Why All Americans Need To Oppose the Bailout As Currently Proposed

(8 am. – promoted by ek hornbeck)

The various merits and demerits of the proposal to create a fund for the acquisition of toxic securities and derivatives by the Federal government compose a huge list.  But one of the key provisions of the bill as currently proposed makes it unpalatable for any reason:

Decisions by the Secretary pursuant to the authority of this Act are non-reviewable and committed to agency discretion, and may not be reviewed by any court of law or any administrative agency.

Under no circumstances ought we allow this provision to become law.  Yves Smith:

This puts the Treasury’s actions beyond the rule of law. This is a financial coup d’etat, with the only limitation the $700 billion balance sheet figure. The measure already gives the Treasury the authority not simply to buy dud mortgage paper but other assets as it deems fit. There is no accountability beyond a report (contents undefined) to Congress three months into the program and semiannually thereafter. The Treasury could via incompetence or venality grossly overpay for assets and advisory services, and fail to exclude consultants with conflicts of interest, and there would be no recourse. Given the truly appalling track record of this Administration in its outsourcing, this is not an idle worry.

But far worse is the precedent it sets. This Administration has worked hard to escape any constraints on its actions, not to pursue noble causes, but to curtail civil liberties: Guantanamo, rendition, torture, warrantless wiretaps. It has used the threat of unseen terrorists and a seemingly perpetual war on radical Muslim to justify gutting the Constitution. The Supreme Court, which has been supine on many fronts, has finally started to push back, but would it challenge a bill that sweeps aside judicial review?

I urge you to read Smith’s entire post on why this ought to be opposed.  FWIW, economists from such disparate backgrounds as Paul Krugman, Tyler Cowen, and Bryan Caplan all agree this proposal is awful in its current form (Caplan, an anarcho-capitalist, has opposed all government bailouts).


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    • Jay Elias on September 22, 2008 at 2:50 pm

    …I’m quite sad that one of my Senators, Chuck Schumer, has been the main champion of this bill.  

    • pfiore8 on September 22, 2008 at 4:35 pm

    Obama’s reaction to this? or are the democrats gonna sign more important shit without reading the fine print?

    this proposal isn’t acceptable in any one of its derivative forms. our money should not be used to buy bad debt. that is not our government’s business. fucking regulating markets is their business. but not investing my money in bad debt and then looking to sell it.

    and whatever other mechanisms are in this proposal to control tax payer money and markets. or is one needed when the the secretary’s authority is absolute? what the fuck. this just gets crazier and crazier by the day.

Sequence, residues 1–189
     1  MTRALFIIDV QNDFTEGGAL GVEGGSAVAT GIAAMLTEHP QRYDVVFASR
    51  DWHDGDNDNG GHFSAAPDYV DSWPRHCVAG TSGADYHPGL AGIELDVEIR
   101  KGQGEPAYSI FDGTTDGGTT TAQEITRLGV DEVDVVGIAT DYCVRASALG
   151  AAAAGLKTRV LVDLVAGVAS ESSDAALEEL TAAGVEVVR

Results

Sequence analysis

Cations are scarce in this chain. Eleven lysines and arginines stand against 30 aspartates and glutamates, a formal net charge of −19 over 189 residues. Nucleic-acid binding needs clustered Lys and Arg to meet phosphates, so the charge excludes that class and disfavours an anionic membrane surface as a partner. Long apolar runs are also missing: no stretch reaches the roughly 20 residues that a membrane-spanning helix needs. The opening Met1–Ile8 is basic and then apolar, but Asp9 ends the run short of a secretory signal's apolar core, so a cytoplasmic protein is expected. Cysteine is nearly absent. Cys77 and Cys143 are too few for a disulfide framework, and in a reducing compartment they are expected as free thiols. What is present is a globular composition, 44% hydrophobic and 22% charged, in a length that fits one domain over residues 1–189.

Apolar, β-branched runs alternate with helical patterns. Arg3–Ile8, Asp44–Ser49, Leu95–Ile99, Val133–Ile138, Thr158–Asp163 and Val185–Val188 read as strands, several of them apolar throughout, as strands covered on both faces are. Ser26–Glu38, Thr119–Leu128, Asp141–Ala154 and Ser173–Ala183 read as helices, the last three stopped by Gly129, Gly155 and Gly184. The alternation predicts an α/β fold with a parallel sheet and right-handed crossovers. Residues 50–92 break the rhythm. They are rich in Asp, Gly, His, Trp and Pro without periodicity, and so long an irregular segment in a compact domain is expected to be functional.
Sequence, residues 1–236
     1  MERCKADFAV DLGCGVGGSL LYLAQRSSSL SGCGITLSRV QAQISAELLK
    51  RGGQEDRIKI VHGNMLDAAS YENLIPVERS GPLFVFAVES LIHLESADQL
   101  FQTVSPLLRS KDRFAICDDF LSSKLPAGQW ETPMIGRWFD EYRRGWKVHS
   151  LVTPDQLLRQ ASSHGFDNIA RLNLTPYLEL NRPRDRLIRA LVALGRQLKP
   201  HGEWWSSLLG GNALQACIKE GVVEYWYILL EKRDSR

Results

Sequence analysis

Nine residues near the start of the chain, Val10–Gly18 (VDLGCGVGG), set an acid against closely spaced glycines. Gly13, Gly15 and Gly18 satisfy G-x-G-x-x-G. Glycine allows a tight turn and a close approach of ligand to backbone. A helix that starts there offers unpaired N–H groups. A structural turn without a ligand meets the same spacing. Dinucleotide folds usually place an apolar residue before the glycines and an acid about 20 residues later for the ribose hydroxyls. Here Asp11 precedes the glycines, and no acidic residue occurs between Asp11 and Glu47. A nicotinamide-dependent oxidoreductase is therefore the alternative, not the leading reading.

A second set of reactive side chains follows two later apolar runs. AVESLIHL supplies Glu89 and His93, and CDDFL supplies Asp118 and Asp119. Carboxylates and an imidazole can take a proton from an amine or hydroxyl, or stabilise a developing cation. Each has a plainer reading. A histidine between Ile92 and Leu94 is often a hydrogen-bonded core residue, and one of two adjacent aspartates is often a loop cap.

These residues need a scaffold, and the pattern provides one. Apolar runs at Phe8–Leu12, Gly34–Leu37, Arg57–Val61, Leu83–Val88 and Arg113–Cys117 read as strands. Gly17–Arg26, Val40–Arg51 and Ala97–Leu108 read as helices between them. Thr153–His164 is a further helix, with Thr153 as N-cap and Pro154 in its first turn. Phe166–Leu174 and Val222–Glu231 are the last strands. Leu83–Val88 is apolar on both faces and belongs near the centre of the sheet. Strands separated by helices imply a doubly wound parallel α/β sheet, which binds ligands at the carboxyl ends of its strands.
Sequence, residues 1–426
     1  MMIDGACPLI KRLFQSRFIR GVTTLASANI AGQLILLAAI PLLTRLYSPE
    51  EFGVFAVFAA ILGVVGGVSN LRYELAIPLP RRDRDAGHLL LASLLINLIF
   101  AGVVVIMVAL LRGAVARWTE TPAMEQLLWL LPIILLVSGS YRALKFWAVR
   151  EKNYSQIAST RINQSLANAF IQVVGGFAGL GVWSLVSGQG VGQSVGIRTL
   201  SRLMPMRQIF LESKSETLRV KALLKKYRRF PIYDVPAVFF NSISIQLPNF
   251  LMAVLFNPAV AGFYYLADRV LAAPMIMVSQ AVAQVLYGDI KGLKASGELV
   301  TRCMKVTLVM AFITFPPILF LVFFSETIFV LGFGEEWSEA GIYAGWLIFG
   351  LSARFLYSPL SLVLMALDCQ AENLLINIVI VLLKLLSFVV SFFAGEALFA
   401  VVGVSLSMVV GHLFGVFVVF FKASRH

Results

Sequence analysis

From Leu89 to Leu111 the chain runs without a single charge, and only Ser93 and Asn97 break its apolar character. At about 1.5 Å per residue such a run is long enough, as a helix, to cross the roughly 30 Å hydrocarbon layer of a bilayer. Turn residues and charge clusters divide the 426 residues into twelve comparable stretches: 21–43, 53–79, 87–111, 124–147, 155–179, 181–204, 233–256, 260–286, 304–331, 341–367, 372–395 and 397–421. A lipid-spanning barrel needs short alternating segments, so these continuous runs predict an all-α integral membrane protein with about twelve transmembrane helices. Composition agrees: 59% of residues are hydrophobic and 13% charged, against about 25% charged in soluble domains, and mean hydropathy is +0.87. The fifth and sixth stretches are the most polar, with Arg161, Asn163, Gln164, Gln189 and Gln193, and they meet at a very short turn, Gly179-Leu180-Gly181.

jesus christ. and the people making this proposal are the ones who set the entire system up. what makes anyone think they have the vision to correct this? or that they actually want it corrected?

    a blanket NO. these are not the people to be making proposals. we need the Krugmans in the country given oversight power. People who actually may have the interests of this country at heart.

  1. But thank you, Jay!

    I just want to put up this action page for right now — No Blank Check for Wall Street!

  2. some of the Dems are negotiating about oversight and a couple of other things. IF they are successful (which I’m not sure is likely), would that change your opinion about the deal?

  3. I think you really highlighted the problem here:

    what really causes me and a lot of other people a lot of concern is just how interconnected this whole mess is.

    But I think Bushco is using the difficulties in disentangling the complexity to be able to understand, mixed with another huge dose of fear mongering, to rush this through quickly.

    It’s similar to the “we can’t afford to wait until the smoking gun becomes a mushroom cloud” syndrome in order to push into action without adequate thought.  

  4. Sorry to have read you all wrong lately. Don’t think congress will push back on this just enough to as the pols like to put some lipstick on this pig. Think I’m to riled up to be blogging so sorry if I offended.      

    • ctrenta on September 22, 2008 at 10:17 pm

    Thanks Jay. I was going to write something about this but you beat me well too it. Huffington Post made it their top story on the Web site right now.

    We cannot let this thing pass folks. Things are pretty safe for here in Vermont. Bernie Sanders is already against it and I’m confident Pat Leahy and Peter Welch will follow. But it’s the Blue Dog Dems that could tilt the balance in the GOP’s favor and we CANNOT let them pass this bailout B.S. You do realize this is comparable to an economic Patriot Act, right?


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